Nothing has spread the notion of a quick-fix more rapidly than social media; it feeds an inherent yearning for motivation and inspiration for what will be, or already is, an arduous journey; too many people post vacuous quotes and videos, fuelling unrealistic aspirations and reinforcing the desire for the quick fix. Quite simply, the truth is that it would be nigh on impossible to identify an occasion where a person who is lacking motivation (perhaps even suffering from a psychological condition like depression) have read or seen one of these messages and thought ‘You know what? I’m cured after this! Bring on the Hawaiian Ironman!’
I have written about this before and I loathe repeating myself but the only reality worth facing is that we have to be patient and earn the right to feel happy about ourselves. We need to put in the hard work, the sacrifice, the commitment and consistency to create a positive result; namely, we need to experience ‘progression’.
So, what’s the solution? A slow, hardworking, disciplined approach with a program and plan that has us frequently testing and measuring. I know right? It’s not exactly what you wanted to hear but deep down, you know I’m right.
The segue you knew was coming – German Volume Training
At the start of every year, I evaluate the first 6 months of training phases for our clients; I assess what worked last year, what didn’t and what can we do different to take us to the next level. I do this in order to convert that 6 month platform into a 12 month outlook and while I may tinker here and there based on circumstances, I always approach our training programs with that longer perspective in mind.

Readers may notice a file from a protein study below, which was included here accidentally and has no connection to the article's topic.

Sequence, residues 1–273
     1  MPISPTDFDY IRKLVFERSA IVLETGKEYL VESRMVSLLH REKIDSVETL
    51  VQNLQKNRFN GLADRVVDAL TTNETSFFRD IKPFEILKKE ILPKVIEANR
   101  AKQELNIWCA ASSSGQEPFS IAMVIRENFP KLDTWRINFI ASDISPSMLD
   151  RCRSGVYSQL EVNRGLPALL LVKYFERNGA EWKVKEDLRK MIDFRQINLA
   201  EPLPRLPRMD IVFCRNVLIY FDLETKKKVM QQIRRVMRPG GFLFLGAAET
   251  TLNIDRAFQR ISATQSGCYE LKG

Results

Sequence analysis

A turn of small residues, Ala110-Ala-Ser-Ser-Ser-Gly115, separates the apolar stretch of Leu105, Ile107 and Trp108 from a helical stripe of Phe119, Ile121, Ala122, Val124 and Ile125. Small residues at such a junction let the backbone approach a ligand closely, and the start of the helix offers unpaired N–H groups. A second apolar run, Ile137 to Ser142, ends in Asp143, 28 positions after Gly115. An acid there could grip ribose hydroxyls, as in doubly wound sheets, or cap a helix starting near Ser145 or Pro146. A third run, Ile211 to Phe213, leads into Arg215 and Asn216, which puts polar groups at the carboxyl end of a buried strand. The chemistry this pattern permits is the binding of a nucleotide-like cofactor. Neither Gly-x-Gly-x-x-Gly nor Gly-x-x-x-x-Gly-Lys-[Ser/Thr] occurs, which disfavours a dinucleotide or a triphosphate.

In order to cater for this long-term perspective, we need to develop capacities; this involves developing our bodies to be as strong, fit and with as much lean muscle mass as possible in order to be able to train as often as possible. Training as often as possible without injury equals consistency and with consistency comes progression. If you’ve been paying attention, consistency and progression are the antithesis of the quick-fix and the only way you are able to achieve genuine self-improvement.
In order to develop these capacities at the start of the year, we employ the German Volume Training (GVT) method, a methodology made popular by Rolf Feser. This method of resistance training involves performing 10 sets of 10 repetitions, on a 60-90 second turnaround, at roughly 50-65% of a participant’s 1 repetition maximum (which equates to roughly a 5 or 6/10 in terms of intensity).
Feser implemented GVT on his Olympic lifting athletes to dramatically increase muscle mass in order to have lifters advance to the next weight division. Coincidentally he had outstanding results with some athletes adding upwards of 10 pounds of muscle mass within 6 weeks.